The Leprosy Hospital is just off the beach. You can wander around the grounds you like and look at the statues of famous doctors, with a heavy emphasis on Vietnamese and French physicians. There's another hall of notables along the beach, starting with Hypocrites, including the Curies, and a lot of other docs you probably haven't heard of. And just because we know you're wondering, no, there aren't a lot of disfigured people walking around like Night of the Living Dead. At least, we can't be the only ones who were wondering that before we showed up. We hope. It's a state-of-the-art facility where the patients live with their families in little 'chalets.' Visitors are welcome, and those who have taken the tour have found it quite life-affirming.

You can also get to the Leprosy Hospital by not taking the sharp left turn at the end of An Duong Vuong and taking the left fork up the western side of the headland. The entrance to the hospital is well-marked, a hundred metres further down Highway 1A. If you've walked here and don't want to walk back, head to the main gate of the hospital (head west through the hospital if you're on the beach) and ask around there for a ride. It makes for a nice day trip if you're in Qui Nhon for more than the night.

Getting there and away


Qui Nhon has a train station, but it's at the end of a spur that connects to the main line 15 km north at Dieu Tri, with is the main station for the area. There is one train a day directly from Qui Nhon that stops at Dieu Tri at 18:45, costs 5,000 VND and takes 45 minutes. A good way to go, but there are very few train departures from Dieu Tri that make it convenient.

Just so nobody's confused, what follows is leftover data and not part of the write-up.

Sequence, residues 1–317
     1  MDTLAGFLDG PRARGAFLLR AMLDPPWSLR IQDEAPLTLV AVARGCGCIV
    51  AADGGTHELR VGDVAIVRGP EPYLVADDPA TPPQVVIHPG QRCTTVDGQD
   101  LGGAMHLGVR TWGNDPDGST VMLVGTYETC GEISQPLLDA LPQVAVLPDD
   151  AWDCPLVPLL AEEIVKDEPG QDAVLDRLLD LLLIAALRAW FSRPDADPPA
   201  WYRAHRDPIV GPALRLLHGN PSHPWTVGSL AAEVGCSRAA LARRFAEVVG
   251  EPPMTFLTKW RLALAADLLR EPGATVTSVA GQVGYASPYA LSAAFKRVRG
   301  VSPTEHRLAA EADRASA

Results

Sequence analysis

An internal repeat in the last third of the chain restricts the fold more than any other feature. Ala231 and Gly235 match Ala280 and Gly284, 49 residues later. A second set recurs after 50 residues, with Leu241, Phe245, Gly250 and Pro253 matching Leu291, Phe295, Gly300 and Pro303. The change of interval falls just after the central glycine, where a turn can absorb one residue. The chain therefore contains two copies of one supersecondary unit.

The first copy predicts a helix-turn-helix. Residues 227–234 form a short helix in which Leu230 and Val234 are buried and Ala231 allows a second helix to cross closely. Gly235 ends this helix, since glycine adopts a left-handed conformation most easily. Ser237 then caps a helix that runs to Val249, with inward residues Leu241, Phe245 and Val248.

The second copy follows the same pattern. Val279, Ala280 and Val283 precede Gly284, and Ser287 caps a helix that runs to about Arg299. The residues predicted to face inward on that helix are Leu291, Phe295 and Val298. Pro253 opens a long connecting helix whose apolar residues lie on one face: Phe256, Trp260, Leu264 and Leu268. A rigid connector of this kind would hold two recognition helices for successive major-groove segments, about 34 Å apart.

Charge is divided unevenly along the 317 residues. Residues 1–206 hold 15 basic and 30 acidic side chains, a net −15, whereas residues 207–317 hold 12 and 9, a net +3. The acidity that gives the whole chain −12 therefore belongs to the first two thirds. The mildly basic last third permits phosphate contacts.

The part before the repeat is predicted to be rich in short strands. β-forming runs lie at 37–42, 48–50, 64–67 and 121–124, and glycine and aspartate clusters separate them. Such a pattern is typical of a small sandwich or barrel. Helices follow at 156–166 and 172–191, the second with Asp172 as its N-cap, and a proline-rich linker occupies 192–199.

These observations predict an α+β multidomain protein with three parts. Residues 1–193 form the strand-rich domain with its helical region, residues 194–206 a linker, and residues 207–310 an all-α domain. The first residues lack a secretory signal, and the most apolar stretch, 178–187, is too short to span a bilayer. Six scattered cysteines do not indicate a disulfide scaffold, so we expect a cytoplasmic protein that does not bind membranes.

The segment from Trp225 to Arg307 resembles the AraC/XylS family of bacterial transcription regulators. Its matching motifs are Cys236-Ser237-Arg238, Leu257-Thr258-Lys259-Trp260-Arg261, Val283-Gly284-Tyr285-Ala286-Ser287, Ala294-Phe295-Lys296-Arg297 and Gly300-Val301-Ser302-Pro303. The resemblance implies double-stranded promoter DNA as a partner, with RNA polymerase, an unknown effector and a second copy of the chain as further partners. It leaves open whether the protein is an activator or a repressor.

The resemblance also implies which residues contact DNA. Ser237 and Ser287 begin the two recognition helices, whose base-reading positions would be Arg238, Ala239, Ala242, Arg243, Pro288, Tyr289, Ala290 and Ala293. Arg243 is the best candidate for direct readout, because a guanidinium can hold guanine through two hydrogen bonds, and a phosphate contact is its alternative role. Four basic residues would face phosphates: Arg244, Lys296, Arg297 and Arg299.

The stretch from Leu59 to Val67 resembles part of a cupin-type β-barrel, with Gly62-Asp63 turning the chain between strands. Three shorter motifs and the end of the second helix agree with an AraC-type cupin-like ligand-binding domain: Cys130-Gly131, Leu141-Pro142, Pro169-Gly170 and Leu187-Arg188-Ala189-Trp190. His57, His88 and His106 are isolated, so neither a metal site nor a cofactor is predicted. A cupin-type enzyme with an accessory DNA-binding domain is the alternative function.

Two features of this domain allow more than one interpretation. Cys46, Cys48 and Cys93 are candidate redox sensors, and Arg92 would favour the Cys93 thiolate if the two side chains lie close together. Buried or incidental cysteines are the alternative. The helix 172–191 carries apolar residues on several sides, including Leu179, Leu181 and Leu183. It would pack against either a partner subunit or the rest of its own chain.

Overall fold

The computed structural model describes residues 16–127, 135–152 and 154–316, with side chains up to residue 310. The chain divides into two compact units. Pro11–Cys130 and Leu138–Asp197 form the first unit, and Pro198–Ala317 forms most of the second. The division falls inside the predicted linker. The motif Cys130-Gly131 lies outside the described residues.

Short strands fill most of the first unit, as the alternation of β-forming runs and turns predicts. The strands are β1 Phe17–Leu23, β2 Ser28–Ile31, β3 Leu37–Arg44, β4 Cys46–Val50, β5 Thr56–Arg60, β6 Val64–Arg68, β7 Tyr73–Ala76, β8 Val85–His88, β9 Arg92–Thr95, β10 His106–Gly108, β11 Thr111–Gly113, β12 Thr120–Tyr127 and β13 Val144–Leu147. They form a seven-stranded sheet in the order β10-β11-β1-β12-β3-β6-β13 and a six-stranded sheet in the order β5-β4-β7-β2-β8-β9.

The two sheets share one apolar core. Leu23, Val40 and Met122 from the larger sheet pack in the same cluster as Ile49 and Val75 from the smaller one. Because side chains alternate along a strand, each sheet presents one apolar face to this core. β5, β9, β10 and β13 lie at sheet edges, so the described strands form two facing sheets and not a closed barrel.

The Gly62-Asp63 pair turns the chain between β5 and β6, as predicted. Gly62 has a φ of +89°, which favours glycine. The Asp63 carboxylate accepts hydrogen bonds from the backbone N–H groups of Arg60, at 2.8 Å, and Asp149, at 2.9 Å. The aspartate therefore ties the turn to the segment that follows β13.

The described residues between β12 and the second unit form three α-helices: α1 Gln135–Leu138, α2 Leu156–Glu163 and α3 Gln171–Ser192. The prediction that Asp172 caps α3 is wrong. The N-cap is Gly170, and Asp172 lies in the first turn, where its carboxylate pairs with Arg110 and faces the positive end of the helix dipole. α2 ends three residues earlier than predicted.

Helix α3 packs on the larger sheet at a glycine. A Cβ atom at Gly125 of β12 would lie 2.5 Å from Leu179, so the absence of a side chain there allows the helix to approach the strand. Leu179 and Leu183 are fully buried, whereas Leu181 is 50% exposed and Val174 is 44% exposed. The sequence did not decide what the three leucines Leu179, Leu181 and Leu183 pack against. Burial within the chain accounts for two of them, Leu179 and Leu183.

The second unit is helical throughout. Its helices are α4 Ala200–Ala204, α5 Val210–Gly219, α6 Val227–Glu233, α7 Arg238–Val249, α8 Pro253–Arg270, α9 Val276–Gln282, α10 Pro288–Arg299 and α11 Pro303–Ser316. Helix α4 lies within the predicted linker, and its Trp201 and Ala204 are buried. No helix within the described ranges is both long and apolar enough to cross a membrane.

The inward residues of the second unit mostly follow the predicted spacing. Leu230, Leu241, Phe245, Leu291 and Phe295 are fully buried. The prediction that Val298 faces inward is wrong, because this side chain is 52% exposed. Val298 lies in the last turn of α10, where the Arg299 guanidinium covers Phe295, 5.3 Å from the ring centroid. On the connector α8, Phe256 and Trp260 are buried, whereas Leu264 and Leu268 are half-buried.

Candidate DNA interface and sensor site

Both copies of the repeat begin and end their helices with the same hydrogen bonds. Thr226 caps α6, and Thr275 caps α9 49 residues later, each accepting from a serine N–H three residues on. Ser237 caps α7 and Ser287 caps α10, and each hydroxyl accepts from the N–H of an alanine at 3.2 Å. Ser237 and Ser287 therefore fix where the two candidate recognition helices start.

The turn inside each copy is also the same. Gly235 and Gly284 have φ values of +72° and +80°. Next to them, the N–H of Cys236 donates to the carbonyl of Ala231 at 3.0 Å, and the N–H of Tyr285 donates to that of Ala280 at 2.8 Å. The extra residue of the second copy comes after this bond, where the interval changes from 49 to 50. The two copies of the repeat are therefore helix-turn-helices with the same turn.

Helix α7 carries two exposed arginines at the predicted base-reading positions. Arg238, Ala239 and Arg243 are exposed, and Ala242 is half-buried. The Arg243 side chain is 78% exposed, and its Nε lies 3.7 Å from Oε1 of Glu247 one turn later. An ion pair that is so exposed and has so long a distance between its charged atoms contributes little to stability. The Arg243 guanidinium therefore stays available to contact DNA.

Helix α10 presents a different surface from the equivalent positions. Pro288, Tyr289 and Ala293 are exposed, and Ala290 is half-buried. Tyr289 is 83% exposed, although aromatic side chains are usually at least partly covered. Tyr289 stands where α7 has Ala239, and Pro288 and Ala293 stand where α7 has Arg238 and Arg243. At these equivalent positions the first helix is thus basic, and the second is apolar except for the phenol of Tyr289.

To get to Dieu Tri, head out of town on Tran Hung Dao until you reach the intersection after 9 km. The town of Dieu Tri is 6 kilometres further north on Highway 1A -— you can't miss it. A taxi should cost about 70,000 VND and takes about twenty minutes (due to traffic).

Departures from Dieu Tri head north and south, as they do all along the line. Below we give the lowest possible prices available (for the TN trains that means a hard seat, for the SE trains, a soft seat with fan) and the highest—a first class sleeper, where available.


Qui Nhon's bus station is located at the west end of Tay Son St, at the southern end of town. A mototaxi should cost about 15,000 VND from anywhere else in town. There are at least five different bus companies all operating out of booths at the station. In general, Ho Chi Minh buses cost from 120,000 to 155,000 and depart at 6:30, 7;00, 17:00, 17:25, 18:00, 18:25, 18:30, 19:15, 19:25. The trip takes 10 hours. 16-seat vans are fine for short trips, but brutal for long ones. The ordinary buses run by Thuan Thao are cheaper, but notoriously packed to the gills.